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Last December, I was interviewing organizing experts for an upcoming article. One of them was Julie Morgenstern. You’ve probably seen her here on HGTV.com, or other places like Redbook or Good Morning America.

“Why do people have so much clutter?” I asked.

“Going through stuff requires time and decision-making,” Julie said. Most people don’t have a clear head or a clear schedule, and they hang onto clutter because they need abundance. Or it gives them a feeling of fullness, of having enough.

Some people feel comfortable when their home is 60% full; some people feel better at 20%. There’s not a universally perfect amount of stuff — the key is, if you feel like you’re suffocating, you have too much.

That hit hard, because I was suffocating in stuff. I’d recently gone through a divorce and had one of those shameful rooms. You know the one: boxes leaning in precarious floor-to-ceiling stacks; bags of unsorted bills; piles of old clothes; cat brushes, jars of seashells, even 20-year-old floppy disks….

Clutter on a desk in a home office

I swear my desk is under there somewhere!

I asked Julie if I could use her book, SHED Your Stuff, Change Your Life: A Four-Step Guide to Getting Unstuck, as a template for a reorganizing process, and tackle that room. She said she’d do me one better: she’d coach me through it.

Yeah, I jumped on it.

Starting next Friday, I hope you’ll go with me on the journey as — in 3 coachings — Julie helps me purge that room by targeting why I let that much clutter pile up in the first place.

Until then, here’s a clue: You clear out the obsolete so you can make room to move forward. When I say it’s fueling and energizing…well…you’ll see.

10 Responses

  1. Dee says:

    Charmingly dishelved is going to be my next pseudonym!

  2. Claire says:

    Your room of shame = my computer room. Eagerly awaiting tips I can put into use there!

  3. Grantley says:

    Can't wait!

  4. Becky says:

    I so need some good decluttering tips. We live in such a small houser, even a tiny bit of clutter can seem overwhelming, especially with a seven month old.

  5. Lisa says:

    Jealous. Would LOVE a declutter coach!

  6. Mary Wiseman says:

    Can't wait to see this transformation

  7. Liz_HGTV says:

    Okay, I give, I still have a box room, too, and it ain't pretty. Looking forward to seeing your office transformation!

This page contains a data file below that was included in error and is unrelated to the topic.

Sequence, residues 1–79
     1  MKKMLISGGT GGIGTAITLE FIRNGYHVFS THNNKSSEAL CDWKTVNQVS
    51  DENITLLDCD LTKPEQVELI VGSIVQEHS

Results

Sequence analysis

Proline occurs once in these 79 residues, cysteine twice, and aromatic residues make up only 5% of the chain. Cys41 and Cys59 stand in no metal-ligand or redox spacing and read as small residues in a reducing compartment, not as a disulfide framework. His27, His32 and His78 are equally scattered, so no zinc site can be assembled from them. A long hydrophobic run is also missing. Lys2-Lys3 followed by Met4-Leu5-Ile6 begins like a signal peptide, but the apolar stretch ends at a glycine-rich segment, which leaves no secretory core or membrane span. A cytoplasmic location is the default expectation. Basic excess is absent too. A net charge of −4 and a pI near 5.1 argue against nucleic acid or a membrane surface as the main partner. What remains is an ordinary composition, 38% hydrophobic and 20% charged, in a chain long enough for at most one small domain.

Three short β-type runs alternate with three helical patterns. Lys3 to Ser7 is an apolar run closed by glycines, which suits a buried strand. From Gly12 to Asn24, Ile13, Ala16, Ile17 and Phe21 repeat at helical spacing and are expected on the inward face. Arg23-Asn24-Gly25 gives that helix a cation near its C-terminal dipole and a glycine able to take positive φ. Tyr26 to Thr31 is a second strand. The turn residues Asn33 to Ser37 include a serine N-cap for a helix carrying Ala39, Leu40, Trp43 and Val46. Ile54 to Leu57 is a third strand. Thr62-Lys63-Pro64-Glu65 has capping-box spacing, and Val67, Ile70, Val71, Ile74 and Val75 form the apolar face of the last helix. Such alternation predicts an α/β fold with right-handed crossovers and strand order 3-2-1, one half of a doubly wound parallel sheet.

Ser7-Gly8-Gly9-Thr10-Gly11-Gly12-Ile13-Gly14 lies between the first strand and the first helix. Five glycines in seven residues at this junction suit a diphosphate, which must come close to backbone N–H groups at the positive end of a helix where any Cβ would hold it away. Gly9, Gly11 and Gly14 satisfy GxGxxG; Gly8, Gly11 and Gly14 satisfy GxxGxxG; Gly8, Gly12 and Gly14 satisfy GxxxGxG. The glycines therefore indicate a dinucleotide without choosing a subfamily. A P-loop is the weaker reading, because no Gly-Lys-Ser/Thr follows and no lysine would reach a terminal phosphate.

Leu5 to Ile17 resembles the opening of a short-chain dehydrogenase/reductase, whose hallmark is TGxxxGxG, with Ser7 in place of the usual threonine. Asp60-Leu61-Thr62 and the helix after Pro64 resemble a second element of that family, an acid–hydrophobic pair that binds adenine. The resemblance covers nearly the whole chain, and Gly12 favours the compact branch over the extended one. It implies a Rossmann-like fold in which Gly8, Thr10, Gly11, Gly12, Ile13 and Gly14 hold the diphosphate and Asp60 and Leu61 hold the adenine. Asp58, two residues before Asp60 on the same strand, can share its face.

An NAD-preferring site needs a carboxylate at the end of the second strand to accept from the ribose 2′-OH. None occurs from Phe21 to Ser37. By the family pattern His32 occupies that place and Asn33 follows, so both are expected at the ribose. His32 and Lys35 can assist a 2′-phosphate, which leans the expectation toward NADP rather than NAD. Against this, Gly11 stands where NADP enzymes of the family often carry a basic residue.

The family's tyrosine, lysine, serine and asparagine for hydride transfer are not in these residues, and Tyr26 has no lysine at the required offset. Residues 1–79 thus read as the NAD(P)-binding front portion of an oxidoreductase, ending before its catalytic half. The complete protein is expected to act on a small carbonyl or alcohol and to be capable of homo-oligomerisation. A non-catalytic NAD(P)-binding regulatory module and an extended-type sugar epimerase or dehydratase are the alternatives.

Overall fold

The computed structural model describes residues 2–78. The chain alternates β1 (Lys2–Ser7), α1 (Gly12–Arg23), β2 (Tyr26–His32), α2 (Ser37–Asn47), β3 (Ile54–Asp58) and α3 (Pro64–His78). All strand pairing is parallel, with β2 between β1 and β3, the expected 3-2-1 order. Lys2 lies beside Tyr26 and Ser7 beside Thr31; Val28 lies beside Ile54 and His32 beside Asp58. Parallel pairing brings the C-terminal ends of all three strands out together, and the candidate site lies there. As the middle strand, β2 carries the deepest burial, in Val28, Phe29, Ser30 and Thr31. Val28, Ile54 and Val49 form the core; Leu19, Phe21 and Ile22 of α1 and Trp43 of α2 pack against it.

8. [...] Julie Morgenstern, author of SHED Your Stuff, Change Your Life: A Four-Step Guide to Getting Unstuck is helping me organize my embarrassingly disorganized home office. [...]

  9. Erika Salloux, CPO&r says:

    Do you know what a “Rotating Box” is and how it can help you declutter? This can be of great aid in an office or home.

    This simple solution lets you keep a bit more stuff and still stick to the “less is more” motto. Like Anne Morrow Lindbergh says in her Gift from the Sea, “One cannot collect all the beautiful shells on the beach.” If you do, then none of them stand out for you. It reminds me of the time I was helping a client declutter her living room. She was planning on moving. Her realtor happened to stop by near the end of our session. And she remarked on the new beautiful orchid in the space. My client told her that it wasn’t new. It had been there for ages. It just wasn’t very visible before, since there was so much else in the room distracting you from its presence. So try this and see if the orchids in your life regain their pop. So you have more decorations than will comfortably and uncluttered-like fit into the rooms of your home. Do not fear. After taking an honest look at them and only keeping those that uplift you, go find a nice looking container to hold your extra decorations. Store it somewhere like the basement, and once in a while take one out and put one away. There you have it: revolving beauty.

    Erika Salloux, CPO® http://www.living-harmony.org

  10. ghibagarbac says:


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